ITV: 6am – 12.20pm

By Ian Jones

First published April 2000

A day in the life of ITV begins with a technical glitch – handing over to the networked GMTV service from continuity is accompanied by a brief loss of picture and sound. It is a wholly appropriate portend for what follows.

The three and a half hour GMTV broadcast is in structure, aesthetic and atmosphere a mirror image of the old TV-am, even down to the glass jug of orange juice on the coffee table which nobody touches. The format’s identical: one hour of news-based information (cunningly titledNewshour), then from 7am a change of presenter and more random mix of features, guests and gossip (GMTV Today), segueing into a ragged chat-based “supplement” at 8.50am (Lorraine). There are fixed points throughout (news and weather every half hour, regional news every hour) but the whole programme rambles dangerously in-between.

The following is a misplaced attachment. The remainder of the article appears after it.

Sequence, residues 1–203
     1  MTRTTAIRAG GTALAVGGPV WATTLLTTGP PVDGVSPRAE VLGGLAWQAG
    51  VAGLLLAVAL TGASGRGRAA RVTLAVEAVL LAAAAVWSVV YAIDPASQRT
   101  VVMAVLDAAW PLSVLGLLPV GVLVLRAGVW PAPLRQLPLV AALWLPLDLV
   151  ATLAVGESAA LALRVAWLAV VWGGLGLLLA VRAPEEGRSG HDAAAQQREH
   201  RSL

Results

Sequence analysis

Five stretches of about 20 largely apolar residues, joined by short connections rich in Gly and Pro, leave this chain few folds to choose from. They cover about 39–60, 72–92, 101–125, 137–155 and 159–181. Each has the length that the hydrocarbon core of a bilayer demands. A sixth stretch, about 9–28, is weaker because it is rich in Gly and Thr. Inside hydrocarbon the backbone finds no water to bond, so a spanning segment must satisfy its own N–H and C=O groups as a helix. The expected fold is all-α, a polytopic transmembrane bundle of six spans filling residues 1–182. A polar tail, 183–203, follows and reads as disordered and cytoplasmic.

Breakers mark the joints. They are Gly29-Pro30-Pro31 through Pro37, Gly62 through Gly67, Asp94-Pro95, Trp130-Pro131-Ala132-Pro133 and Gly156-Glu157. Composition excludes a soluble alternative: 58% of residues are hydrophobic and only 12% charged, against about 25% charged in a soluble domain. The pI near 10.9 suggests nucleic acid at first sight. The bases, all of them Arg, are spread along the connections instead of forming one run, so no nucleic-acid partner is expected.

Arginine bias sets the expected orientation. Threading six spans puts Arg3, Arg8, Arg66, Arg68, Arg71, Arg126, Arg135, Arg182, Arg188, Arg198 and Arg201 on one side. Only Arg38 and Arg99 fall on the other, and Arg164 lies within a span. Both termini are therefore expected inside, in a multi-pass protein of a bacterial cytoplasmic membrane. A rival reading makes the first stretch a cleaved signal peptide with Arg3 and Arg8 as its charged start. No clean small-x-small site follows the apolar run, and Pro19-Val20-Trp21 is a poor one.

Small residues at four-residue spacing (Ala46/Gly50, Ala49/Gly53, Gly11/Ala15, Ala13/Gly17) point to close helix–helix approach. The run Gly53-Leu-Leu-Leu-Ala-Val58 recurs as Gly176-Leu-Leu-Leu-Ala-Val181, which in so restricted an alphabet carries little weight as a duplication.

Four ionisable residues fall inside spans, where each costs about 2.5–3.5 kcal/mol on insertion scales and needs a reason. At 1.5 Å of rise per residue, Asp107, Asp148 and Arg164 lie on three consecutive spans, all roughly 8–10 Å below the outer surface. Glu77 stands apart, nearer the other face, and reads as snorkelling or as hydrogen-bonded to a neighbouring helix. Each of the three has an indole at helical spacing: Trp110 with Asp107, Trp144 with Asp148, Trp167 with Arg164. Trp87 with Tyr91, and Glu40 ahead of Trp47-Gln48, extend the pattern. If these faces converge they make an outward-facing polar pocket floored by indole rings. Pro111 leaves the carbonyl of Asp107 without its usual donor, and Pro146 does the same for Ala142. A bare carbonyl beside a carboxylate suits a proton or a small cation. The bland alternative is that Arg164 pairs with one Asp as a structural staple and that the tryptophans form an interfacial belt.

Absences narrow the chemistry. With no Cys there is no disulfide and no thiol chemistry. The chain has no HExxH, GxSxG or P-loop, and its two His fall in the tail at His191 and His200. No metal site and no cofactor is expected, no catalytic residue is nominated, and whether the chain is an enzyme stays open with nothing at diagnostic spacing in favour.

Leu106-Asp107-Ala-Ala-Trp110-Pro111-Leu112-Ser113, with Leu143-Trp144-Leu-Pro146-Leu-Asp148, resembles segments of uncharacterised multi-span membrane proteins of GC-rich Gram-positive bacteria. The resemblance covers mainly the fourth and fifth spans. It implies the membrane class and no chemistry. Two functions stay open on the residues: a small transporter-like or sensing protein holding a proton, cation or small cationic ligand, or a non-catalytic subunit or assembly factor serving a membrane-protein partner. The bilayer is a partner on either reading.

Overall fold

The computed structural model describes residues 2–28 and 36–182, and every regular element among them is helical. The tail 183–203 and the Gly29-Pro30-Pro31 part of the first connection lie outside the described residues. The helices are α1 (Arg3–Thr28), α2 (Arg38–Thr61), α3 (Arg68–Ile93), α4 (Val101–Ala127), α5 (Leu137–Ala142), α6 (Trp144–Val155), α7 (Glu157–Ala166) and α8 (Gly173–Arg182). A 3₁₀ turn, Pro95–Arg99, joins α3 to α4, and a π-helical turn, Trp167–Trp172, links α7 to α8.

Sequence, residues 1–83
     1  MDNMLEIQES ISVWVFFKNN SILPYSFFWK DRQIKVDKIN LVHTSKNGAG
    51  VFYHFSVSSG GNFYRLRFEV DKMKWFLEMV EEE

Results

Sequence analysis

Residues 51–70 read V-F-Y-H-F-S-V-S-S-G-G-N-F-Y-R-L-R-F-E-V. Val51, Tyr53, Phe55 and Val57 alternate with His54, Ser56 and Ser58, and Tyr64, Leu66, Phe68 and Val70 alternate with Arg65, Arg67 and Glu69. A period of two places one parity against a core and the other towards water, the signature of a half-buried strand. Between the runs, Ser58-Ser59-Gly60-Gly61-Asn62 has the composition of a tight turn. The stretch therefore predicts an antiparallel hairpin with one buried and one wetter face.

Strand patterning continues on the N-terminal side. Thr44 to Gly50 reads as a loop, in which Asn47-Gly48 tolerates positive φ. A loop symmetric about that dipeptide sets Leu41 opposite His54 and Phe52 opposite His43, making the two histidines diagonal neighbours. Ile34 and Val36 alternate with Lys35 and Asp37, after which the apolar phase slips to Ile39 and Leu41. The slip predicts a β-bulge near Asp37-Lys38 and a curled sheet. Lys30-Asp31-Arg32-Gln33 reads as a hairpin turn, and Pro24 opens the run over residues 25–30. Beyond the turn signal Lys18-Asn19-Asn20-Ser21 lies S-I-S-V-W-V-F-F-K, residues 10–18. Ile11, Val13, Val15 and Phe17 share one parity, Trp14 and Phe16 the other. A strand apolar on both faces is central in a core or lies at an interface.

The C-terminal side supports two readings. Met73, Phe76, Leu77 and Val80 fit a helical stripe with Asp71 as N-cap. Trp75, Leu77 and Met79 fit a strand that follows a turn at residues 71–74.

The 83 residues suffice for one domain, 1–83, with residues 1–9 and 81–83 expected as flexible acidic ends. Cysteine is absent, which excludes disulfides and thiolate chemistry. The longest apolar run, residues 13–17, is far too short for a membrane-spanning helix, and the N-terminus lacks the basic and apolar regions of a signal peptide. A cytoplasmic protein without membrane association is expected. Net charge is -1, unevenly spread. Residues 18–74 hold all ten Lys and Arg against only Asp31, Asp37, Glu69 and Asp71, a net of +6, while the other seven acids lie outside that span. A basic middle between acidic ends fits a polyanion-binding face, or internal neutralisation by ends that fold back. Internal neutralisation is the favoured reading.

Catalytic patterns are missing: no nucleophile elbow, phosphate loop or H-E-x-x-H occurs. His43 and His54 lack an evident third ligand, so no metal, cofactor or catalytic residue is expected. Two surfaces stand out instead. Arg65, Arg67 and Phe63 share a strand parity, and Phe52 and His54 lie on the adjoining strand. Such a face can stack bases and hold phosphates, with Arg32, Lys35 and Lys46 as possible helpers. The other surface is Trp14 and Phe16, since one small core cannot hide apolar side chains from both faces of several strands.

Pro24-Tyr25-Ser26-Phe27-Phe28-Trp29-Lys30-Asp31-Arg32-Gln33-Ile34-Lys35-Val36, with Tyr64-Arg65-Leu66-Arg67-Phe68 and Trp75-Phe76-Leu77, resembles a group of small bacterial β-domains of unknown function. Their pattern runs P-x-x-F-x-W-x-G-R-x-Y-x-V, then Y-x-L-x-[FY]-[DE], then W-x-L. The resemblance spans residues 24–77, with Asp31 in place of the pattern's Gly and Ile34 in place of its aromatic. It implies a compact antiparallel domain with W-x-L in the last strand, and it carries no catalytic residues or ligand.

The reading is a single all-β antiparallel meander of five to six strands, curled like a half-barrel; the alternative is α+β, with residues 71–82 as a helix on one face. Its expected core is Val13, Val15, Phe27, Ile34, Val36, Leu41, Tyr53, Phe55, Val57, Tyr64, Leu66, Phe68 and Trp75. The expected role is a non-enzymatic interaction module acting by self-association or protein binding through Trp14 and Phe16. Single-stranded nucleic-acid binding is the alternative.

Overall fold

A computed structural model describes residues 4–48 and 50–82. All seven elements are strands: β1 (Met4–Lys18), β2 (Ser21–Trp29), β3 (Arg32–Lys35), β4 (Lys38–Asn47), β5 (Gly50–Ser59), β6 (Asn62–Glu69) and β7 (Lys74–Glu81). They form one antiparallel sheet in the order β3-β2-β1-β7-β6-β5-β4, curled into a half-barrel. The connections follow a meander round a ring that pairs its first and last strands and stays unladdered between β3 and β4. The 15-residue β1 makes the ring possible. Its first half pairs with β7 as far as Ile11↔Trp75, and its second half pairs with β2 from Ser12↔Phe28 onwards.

Newshour introduces the first ITV hosts of the day, Pennie Smith and Ross Kelly, both unable to establish any engaging relationship with the viewer, let alone each other. Although news is supposed to be the core of this first hour, it is questionable what actually is news and what is simple nosiness and speculation. The newsreader, simply called Anne, links to a live reporter in a dark, deserted street in Derby, erroneously credited as Buxton, to back-up a story about the decline in bobbies on the beat. The reporter then gestures limply behind him to demonstrate that, yes, there are no bobbies on this street, therefore a new report from the Audit Office must be true. This typifies GMTV‘s notion of in-depth, analytical reporting.